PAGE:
Every year, for nearly two months, radio stations fill the air with great Christmas music from what seems to be a bottomless well of recordings. It’s an eclectic mix that draws on songs from the 1930s to the present, but the sounds of Christmas on the radio once went far beyond this.
In the 1930s and 1940s, Christmas Eve on the NBC Radio network climaxed with the singing of Silent Night by one of the stars of New York’s Metropolitan Opera, notably Ernestine Schumann-Heink or Kirsten Flagstad. The performance was carefully timed to end just before midnight so that NBC could gently transition from the stage at the Met to Trinity’s belltower a few miles south as an announcer intoned:
“…the National Broadcasting Company takes you to historic Trinity Church in downtown Manhattan, where the bells are tolling the hour to usher in Christmas Day.”
The singer and the bells were heard live, not from recordings. Depending on their location, listeners heard the network’s welcome to Christmas as early 9:00 pm, but no one seemed to mind.
These real time adventures in sound were features of radio’s yearly efforts to project a wide ranging holiday spirit. In those days, the distance between the Metropolitan Opera and the Trinity Church was less than four miles, but the development of short wave broadcasting made it possible to ring in the holidays from points around the globe. In fact, Trinity’s Christmas bells were first heard on NBC in 1931, as part of a day long international hookup conceived by NBC president Merlin H. Aylesworth that included President Hoover’s lighting of the Christmas Tree in Washington, DC, a performance by the Sistine Choir in Rome, a concert for newly arrived immigrants on Ellis Island, a Lessons and Carol service at Kings College in England and a visit to a German Christmas festival in Berlin. A moment before midnight, Rev. Rennie MacInnes, the Anglican bishop of Jerusalem, was heard pressing a button that activated an elaborate transatlantic electrical chain that set Trinity’s bells in motion from more than 5,000 miles away.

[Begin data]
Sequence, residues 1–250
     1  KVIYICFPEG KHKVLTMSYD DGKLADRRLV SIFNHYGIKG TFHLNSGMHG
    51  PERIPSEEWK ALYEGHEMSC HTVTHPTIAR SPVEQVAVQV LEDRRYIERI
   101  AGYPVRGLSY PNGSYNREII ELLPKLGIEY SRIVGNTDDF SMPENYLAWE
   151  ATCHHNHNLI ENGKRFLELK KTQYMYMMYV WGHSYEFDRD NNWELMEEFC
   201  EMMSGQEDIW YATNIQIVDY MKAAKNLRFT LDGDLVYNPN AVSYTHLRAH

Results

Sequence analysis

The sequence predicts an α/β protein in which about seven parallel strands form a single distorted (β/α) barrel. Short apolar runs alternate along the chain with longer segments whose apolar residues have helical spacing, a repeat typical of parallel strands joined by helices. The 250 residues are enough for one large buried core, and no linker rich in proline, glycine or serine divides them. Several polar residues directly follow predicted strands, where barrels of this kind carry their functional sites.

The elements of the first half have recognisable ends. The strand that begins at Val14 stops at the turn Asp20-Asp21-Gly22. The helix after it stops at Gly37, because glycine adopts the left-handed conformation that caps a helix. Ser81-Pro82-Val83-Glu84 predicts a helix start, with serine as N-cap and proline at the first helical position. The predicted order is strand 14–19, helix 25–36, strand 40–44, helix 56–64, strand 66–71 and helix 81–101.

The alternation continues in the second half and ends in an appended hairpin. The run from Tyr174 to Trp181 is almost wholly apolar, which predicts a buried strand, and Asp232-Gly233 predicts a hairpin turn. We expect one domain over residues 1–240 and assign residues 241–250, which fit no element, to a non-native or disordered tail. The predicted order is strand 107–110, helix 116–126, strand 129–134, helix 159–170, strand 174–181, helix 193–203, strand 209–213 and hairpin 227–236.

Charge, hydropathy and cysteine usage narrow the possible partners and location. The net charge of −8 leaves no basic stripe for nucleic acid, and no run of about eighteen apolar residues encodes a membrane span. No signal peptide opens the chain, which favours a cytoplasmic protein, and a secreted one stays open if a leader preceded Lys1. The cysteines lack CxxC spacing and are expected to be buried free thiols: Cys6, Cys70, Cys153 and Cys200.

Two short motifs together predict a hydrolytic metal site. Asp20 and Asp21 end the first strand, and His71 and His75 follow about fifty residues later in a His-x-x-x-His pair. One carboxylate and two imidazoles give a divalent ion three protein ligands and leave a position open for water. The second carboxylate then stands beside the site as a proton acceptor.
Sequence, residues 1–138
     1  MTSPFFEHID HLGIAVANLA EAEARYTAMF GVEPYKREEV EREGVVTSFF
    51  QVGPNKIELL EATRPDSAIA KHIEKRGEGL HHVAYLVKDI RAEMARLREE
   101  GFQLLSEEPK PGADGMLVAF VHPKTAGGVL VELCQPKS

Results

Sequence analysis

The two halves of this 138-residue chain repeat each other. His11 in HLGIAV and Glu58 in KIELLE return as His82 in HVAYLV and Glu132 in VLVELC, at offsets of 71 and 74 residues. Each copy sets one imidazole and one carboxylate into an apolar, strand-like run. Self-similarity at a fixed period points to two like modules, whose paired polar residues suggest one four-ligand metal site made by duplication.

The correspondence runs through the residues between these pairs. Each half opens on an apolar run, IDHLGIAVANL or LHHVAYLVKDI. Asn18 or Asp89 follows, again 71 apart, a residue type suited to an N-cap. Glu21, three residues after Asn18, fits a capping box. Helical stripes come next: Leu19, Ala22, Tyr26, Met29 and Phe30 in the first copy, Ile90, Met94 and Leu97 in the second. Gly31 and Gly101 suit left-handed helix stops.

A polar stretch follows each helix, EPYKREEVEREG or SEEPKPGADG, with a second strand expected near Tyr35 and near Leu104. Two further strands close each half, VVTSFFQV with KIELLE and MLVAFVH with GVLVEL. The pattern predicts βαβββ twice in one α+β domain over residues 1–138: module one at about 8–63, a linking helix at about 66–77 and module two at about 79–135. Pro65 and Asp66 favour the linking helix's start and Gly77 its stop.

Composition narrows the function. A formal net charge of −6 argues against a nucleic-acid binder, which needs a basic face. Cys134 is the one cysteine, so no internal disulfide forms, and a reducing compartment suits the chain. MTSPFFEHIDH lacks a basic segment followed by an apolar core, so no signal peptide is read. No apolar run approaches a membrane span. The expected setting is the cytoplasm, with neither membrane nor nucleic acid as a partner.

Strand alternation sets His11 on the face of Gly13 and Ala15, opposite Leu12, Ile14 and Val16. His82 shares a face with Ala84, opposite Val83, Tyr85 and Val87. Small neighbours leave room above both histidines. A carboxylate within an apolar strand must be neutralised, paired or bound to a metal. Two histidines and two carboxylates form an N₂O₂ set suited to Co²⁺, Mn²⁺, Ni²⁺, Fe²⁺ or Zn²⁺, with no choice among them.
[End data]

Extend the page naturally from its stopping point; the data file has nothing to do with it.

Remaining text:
Sadly, these earliest Christmas broadcasts do not survive in any form. But there are many examples of this kind of ambitious national and international Christmas radio programming from the mid-1930s on. The broadcasters of the United States were not alone in this approach, and one of the earliest Christmas broadcasts in the collection of the Library of Congress is a three hour BBC broadcast simulcast to the United States in 1934 that featured hookups all around England and beyond to Christmas observances in Canada, New Zealand, India and Africa.